Horse Racing Ireland (HRI) today released the
2019 Irish horse racing and breeding industry statistics which confirm an
increase in people attending racemeetings in Ireland and continued growth in
The number of horses returned in training in
Ireland – a key driver of employment – rose for the third time in four years,
with a 3% increase in 2019.
New owner registrations were up by 6.8% year-on-year with over 850 new
racehorse owners registered with Horse Racing Ireland. The bulk of these new registrations
(600) were sole owners and partners, as well as 216 new syndicates.
Irish horses was strong with sales and exports increasing in both value and
Commercial race sponsorship and contributions
to prizemoney by racecourses continued to rise strongly, growing by another 17.3%
million people attended race meetings in 2019 and on course betting increased
by 4.5% year-on-year.
most significant figure for 2019 however was the fact that, following a series
of changes in betting tax arrangements, off course betting duty receipts
collected by the government in 2019 amounted to €95m. These receipts, which
have grown from €26m in 2014, comfortably exceeded the Exchequer funding
provided for horse racing of €67.2m.
Executive Brian Kavanagh said:
generates a very significant return to the rural economy in Ireland and a
positive international profile for our country. None of this success could be
achieved without the support provided by the Government.
“2019 was a
good year for Irish racing, however the industry requires long-term certainty
of funding to be able to plan strategically, not least in the context of the
challenges provided by Brexit.
revenue from betting tax provides the basis for such a long-term funding
mechanism and Horse Racing Ireland will engage actively with the incoming
Government in the coming month to achieve this objective.”
Horses-in-Training and Ownership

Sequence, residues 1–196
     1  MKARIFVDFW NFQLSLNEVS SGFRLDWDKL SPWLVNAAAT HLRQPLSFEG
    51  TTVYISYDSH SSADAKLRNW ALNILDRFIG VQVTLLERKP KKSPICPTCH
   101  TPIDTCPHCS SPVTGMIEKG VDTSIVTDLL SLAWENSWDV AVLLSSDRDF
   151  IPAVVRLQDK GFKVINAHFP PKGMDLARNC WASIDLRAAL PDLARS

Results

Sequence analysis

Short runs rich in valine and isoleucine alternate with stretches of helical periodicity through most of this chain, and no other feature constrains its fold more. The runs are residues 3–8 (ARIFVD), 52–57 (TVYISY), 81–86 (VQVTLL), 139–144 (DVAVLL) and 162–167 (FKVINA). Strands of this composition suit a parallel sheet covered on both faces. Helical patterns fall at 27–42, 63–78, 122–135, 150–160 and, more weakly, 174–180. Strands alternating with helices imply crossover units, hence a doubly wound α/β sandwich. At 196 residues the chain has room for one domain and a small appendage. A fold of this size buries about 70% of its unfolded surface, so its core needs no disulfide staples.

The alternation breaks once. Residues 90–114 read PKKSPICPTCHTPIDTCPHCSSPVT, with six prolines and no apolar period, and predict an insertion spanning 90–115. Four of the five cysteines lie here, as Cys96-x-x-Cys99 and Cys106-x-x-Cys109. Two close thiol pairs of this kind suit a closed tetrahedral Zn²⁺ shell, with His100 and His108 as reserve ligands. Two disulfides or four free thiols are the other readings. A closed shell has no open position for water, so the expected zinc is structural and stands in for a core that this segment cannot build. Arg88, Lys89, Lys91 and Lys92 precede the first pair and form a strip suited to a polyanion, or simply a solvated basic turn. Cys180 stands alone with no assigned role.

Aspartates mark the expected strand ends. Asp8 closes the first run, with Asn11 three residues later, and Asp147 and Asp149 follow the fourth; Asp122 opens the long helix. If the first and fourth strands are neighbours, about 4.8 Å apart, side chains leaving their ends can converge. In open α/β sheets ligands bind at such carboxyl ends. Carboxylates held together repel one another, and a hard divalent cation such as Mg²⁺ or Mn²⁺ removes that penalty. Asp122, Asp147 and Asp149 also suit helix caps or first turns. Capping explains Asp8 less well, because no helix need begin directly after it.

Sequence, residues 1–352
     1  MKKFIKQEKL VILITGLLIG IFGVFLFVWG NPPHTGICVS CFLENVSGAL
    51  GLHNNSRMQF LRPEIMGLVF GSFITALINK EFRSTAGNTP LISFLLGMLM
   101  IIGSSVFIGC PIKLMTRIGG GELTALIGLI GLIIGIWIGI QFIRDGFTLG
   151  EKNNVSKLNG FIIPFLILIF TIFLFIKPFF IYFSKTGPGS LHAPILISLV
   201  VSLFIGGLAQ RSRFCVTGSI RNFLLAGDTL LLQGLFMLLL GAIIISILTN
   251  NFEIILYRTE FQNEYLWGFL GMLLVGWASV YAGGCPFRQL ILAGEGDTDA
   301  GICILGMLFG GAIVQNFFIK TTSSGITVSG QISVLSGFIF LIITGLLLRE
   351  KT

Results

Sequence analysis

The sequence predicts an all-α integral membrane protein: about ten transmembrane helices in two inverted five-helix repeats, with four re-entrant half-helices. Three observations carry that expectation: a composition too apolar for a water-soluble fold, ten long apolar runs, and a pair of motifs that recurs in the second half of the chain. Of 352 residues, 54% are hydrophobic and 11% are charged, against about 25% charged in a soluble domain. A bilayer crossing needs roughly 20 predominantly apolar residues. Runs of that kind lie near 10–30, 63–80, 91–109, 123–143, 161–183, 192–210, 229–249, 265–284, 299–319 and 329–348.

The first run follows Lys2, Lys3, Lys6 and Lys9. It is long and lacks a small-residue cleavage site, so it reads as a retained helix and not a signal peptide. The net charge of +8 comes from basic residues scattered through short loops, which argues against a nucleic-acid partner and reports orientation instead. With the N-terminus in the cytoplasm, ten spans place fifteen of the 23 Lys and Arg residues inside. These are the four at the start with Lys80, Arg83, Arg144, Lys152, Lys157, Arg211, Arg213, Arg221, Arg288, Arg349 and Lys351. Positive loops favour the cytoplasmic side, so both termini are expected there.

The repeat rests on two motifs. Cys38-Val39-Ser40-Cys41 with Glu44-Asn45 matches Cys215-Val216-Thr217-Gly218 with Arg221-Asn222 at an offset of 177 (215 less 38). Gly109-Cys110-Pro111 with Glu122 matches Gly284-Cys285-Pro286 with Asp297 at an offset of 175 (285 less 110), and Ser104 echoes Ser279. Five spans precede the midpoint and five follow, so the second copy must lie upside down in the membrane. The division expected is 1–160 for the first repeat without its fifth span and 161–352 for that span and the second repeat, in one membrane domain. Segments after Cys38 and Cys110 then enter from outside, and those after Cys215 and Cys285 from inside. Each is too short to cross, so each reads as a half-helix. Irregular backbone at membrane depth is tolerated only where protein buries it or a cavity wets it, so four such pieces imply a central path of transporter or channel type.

up 6.8% from 797 to 851
up 6.4% from 3,817 to 4,061
up 3% from 8,688 to 8,949
Entries and Runners
up 5.8% from 31,331 to 33,146
National Hunt Entries
down 0.1% from 32,405 to 32,369
up 2.8% from 63,736 to 65,515
up 7.2% from 14,034 to 15,038
National Hunt Runners
up 3.8% from 15,859 to 16,467
up 5.7% from 7,066 to 7,470
Chief Executive, Brian Kavanagh, said:
“Increasing ownership and participation is a strategic priority for Horse
Racing Ireland and 2019 delivered healthy increases in the number of new and total
owners and, consequently, the number of horses-in-training.
“It was very positive to see 216 new
syndicates registering with Horse Racing Ireland in 2019. Our analysis shows
that an average syndicate has eight members and the syndicate model is a
cost-effective and fun way for people to get involved in horse ownership.
“Further analysis has shown that these 216 new
syndicates have horses in training with 110 different trainers and it is
encouraging that the increases we are seeing in racehorse ownership are being
felt all over the country.
“The rise in owners was reflected in an
increase in horses-in-training, both for the number of individual runners in
2019 (5.7%) and for the number of total runners on the track (5.4%).
“The Ownership Department in Horse Racing
Ireland continues to work closely with the racecourses to ensure that racehorse
owners in Ireland have a good experience. We need to keep those improvements
going and ensure that prizemoney and minimum race values remain competitive. Owner
retention (i.e. those active for two consecutive years) in 2019 was 75%, the
highest rate it has been since 2007, so the strides made in owner experience
and the commitment to prizemoney are paying off.”
up 3.2% from 1.274m to 1.315m
A successful Christmas period brought the
total number of racegoers for the year to just over 1.3m.
“Attendances in 2019 were strong and the popularity of racing as a spectator
sport was backed up by a 3.2% increase year-on-year. For the first time in a
decade in 2019 Horse Racing Ireland returned with a television advertising
campaign and that has been warmly received.
“With the assistance of various Horse Racing
Ireland capital development schemes, our racecourses have invested strongly in